of the word, generally on a plane somewhere at least once a week.

Colleagues say he’s put the relevance back into HR (he also makes it fun,
they say) and with a straightforward and pragmatic approach has linked it
directly with business operations. Oracle’s implementation of an e-HR system is
already fulfilling the dream of a strategic HR department.

21 John Hofmeister (-)
Group HR director, Shell

In the aftermath of another record year for Shell, Hofmeister can
congratulate himself on the group’s successful merging of global strategy and
global organisation in 155 countries.

Change management of all kinds has been a major preoccupation this year and
Hofmeister’s ability to root out and capture talent has had an important part
to play. He claims a significant accomplishment has been the reorganisation of
the slimmed down HR corporate centre, now consisting of eight people –
"all global leaders in their own right". He also made progress
developing Shell’s global HR shared services centre – rolling out a $250m
SAP-based HR system – and successfully argued for a significant investment in
leadership education.

Most recently he has been working to ensure a seamless transition as
chairman Sir Mark Moody-Stuart hands over the reins to Phil Watts in July.

22 Julie Mellor (35)
Chairwoman, EOC

The issue of equal pay has become much more high profile as a result of the
Equal Opportunities Commission’s Valuing Women campaign. The Equal Pay Task
Force’s recommendations were hotly debated, and over the coming year the EOC
will begin implementing the Task Force’s proposals. Mellor says, "The
contribution of HR specialists will be an essential part of that process. I
very much hope that the Government’s women’s employment review will speed up
progress on equal pay and begin to tackle the causes of women’s concentration
in a small number of occupations." The outcome of the Government’s
consultation on work and parents is also expected. "Whatever conclusions
are reached, the question of how to enable parents to balance work and family will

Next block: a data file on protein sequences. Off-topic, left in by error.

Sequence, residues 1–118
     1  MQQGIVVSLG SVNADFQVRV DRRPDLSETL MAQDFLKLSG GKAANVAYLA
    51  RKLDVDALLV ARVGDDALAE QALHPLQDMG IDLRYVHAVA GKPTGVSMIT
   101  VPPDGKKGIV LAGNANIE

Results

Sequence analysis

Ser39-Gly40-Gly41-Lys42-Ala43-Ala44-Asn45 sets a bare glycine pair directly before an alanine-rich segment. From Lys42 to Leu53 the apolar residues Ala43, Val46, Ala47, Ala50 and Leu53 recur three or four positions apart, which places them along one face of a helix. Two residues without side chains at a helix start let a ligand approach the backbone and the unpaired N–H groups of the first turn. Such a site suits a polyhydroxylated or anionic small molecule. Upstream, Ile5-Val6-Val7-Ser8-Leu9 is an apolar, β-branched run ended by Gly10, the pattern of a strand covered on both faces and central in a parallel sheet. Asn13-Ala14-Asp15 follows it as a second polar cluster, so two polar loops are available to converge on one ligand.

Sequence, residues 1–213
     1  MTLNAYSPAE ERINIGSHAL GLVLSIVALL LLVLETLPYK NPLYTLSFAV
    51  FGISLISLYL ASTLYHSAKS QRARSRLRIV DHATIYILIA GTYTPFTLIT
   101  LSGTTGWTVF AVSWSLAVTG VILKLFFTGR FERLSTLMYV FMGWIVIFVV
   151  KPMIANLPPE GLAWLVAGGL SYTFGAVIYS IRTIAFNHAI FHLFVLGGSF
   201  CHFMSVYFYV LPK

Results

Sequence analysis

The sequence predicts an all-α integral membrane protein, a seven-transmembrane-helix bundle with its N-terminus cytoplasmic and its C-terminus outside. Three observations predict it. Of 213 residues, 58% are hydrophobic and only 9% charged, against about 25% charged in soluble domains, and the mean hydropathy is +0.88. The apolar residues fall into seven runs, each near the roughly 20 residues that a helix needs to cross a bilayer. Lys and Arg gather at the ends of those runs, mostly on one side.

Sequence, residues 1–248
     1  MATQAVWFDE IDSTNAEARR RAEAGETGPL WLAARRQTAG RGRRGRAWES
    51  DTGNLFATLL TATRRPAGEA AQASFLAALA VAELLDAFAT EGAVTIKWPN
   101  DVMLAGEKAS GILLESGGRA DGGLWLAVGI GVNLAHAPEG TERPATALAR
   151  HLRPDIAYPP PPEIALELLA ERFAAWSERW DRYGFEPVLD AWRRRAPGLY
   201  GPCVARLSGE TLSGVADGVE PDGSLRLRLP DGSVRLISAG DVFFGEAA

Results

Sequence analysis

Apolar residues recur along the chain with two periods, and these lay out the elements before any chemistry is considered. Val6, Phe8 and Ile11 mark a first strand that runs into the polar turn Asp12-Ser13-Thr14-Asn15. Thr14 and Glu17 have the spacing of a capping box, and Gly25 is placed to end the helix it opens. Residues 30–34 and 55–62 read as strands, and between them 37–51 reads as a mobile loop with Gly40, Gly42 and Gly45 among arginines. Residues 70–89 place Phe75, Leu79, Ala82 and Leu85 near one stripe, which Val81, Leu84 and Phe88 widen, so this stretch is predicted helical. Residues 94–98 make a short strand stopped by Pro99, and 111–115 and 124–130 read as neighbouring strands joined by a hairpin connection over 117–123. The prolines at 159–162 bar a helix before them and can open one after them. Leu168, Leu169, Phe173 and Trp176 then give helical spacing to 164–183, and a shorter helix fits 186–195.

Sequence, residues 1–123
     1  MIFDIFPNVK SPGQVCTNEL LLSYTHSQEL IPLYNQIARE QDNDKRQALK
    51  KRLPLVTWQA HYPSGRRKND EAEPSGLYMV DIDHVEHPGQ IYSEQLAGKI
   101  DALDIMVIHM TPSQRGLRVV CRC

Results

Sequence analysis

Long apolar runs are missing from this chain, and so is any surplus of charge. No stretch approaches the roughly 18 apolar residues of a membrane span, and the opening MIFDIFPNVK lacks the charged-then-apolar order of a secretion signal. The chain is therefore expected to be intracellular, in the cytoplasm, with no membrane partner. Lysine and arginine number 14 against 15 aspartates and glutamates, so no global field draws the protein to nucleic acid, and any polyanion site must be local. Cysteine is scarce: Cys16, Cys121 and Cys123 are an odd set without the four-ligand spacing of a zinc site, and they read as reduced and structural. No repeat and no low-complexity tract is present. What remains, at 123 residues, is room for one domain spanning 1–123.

be a priority for all practitioners."

23 Cary Cooper (26)
Professor of organisational psychology and health, Manchester School of
Management and deputy vice-chancellor, University of Manchester Institute of
Science and Technology (Umist)

The publication of two further books on workplace stress and a major report
for the EU’s European Foundation for the Improvement of Living and Work
Conditions on Stress Prevention in the Workplace have ensured that the prolific
Professor Cooper remains the media’s favourite human resources academic pundit.
With over 80 books now published and a list of credentials that reads like a
litany, you’d think 60-year-old Cooper would start to take things easy. No
chance: he continues his Quality of Life survey work for the Institute of
Management and is currently involved in a project for HEFCE to evaluate all of
Britain’s business schools.

24 John Welch (21)
CEO, General Electric

Described by the New York Times as "one of the most successful managers
in the US", the now world-famous Welch has a bigger fan club than many
Hollywood superstars. He retains his place in the HR Top 40 by dint of his
continuing personal influence on how people are managed. Where GE leads, others
follow. This year, ominously, Welch’s previous emphasis on employee-friendly
policies has been replaced by a much tougher stance – no doubt indicative of
the prevailing economic situation. He has emerged as a strong supporter of
forced grading and now advocates identifying and removing the lowest performing
10 per cent of GE workforce on an annual basis. This Darwinian approach to
management is the only way to "raise the bar of performance and increase
the quality of leadership", he told shareholders recently.

25 Keith Handley  (-)
Change director for the City of Bradford Metropolitan District Council
and president of Socpo

Newly elected Handley owes his position at 25 for three principle reasons:
he aims to combat the growing recruitment and retention difficulties by
offering staff more personal development; Socpo will lead the way in adopting
the anti-discriminatory measures of the Race Relations (Amendment) Act; and he
has a key role in overseeing the expansion of the society’s membership to all
personnel officers. Declaring that Socpo has established itself as an